A Meditation on Lent, Suffering and Creativity


As this Lenten season comes to a close, we offer a meditation on how Lent can reshape our relationship to creativity. Lent is generally the 40 days in the church calendar leading up to Easter Sunday. It begins with Ash Wednesday and is a season of reflection, fasting, prayer, and giving.


As this Lenten season comes to a close, we offer a meditation on how Lent can reshape our relationship to creativity. Lent is generally the 40 days in the church calendar leading up to Easter Sunday. It begins with Ash Wednesday and is a season of reflection, fasting, prayer, and giving.

Lent is reflecting on suffering. It is naming that we are dust and ash. It is grafting "my god my god why have you forsaken me" moments into our story. It is the way our wounds become wellsprings of healing and creativity that we offer generously to the community. Lent is the way that Jesus is the Incarnation, alongside us in our suffering.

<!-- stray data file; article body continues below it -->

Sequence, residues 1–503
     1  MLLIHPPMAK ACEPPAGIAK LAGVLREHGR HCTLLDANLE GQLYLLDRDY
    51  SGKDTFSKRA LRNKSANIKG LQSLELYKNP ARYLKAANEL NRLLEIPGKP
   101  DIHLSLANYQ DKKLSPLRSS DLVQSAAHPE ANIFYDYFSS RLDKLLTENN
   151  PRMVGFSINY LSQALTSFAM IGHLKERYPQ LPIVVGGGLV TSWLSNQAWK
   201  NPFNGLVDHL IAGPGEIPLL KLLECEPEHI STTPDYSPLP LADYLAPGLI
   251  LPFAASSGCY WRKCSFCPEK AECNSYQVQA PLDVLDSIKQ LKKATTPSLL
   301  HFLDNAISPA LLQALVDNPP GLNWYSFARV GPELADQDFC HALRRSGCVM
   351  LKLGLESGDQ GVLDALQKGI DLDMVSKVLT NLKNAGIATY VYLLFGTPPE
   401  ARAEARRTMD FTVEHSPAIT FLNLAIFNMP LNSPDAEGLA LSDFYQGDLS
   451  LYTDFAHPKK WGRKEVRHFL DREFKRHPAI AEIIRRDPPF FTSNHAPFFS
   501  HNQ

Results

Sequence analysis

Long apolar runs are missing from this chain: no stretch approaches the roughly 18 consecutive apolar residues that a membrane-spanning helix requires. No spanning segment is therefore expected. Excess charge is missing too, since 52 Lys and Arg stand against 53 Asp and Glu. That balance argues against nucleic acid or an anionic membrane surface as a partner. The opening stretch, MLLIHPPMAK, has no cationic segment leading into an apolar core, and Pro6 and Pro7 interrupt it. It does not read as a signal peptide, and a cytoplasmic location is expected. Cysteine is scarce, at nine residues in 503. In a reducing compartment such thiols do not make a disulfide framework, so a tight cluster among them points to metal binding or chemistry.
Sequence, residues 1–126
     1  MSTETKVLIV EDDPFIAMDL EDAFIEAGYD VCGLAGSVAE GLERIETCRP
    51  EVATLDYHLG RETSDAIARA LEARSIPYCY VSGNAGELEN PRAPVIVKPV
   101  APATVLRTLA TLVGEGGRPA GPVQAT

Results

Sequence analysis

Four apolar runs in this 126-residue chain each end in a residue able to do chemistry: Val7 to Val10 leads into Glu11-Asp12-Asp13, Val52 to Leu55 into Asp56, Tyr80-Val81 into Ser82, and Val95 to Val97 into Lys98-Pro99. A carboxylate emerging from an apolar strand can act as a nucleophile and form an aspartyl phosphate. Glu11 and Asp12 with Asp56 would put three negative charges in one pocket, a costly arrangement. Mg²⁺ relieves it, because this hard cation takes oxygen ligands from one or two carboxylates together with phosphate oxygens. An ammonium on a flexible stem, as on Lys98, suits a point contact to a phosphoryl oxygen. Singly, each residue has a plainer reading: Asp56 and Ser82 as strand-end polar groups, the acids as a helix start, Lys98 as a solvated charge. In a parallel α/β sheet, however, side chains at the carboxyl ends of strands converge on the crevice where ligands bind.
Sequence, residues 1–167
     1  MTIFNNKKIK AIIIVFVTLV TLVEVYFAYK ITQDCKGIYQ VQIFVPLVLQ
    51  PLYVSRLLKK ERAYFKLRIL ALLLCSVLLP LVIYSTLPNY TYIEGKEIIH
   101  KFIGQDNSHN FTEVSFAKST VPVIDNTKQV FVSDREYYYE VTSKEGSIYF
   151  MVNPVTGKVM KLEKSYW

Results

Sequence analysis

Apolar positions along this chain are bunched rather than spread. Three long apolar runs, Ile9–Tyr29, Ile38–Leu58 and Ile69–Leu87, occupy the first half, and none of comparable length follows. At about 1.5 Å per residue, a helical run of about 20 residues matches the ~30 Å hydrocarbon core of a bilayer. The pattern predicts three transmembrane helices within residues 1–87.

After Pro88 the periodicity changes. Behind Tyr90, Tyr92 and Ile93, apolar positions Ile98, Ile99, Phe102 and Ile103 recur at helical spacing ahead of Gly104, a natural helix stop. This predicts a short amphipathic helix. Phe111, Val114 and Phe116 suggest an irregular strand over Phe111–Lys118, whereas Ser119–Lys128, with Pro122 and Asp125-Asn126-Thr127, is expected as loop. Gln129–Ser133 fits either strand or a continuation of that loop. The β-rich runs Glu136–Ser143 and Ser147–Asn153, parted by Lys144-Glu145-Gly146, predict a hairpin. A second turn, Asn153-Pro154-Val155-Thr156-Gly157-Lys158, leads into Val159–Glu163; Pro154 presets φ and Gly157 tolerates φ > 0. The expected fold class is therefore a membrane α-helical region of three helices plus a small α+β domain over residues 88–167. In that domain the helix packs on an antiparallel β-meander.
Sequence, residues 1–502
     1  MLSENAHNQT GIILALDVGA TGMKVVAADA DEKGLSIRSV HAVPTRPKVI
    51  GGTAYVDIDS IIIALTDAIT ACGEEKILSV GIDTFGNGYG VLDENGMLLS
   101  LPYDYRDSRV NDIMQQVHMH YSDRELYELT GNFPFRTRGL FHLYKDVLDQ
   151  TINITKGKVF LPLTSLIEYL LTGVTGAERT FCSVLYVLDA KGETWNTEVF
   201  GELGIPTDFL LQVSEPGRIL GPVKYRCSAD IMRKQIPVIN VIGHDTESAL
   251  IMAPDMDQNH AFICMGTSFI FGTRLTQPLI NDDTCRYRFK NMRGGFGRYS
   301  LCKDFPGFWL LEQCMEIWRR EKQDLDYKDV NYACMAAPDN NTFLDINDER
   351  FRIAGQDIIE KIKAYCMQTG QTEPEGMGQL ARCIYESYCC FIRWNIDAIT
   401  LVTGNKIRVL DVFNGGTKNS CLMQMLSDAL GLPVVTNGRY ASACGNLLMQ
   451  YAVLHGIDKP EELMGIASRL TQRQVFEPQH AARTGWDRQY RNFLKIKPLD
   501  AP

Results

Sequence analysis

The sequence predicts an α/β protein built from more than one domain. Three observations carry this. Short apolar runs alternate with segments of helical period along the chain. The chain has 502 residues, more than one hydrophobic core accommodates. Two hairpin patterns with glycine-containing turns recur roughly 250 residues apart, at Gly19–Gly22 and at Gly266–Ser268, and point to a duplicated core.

Lent is reflecting on injustice. It is entering in to the places of suffering and building a home there. Lent is receiving stories of injustice and holding them close to our heart without qualification. It is the prayer of how long how long how long. Lent is solidarity. Lent is the generous flow of justice in all directions.  

Lent is the emptiness that precedes creative energy. It's the suffering that precedes new life flowing out into the whole of creation. Lent is the cursor on the blank page, blinking before the great novel of the rest human history unfolds. Lent is the emptying out that somehow becomes fullness.

Lent is mystery and Spirit and blood and roosters and trials and truth and wood and mobs and earthquakes and sons and fathers and Empires and religion and denial and crosses and absence and tombs and promise and protest and nails and soldiers and solidarity and mothers and hope and injustice and a kingdom and the way that all of it gets stirred up together into a moment that transforms everything.

Lent is the season where our great suffering and God's great suffering intersect. May we let this suffering season be turned into something generative, creative and holy. Amen.


Words—Geoff Gentry
Photos—Bryan Chung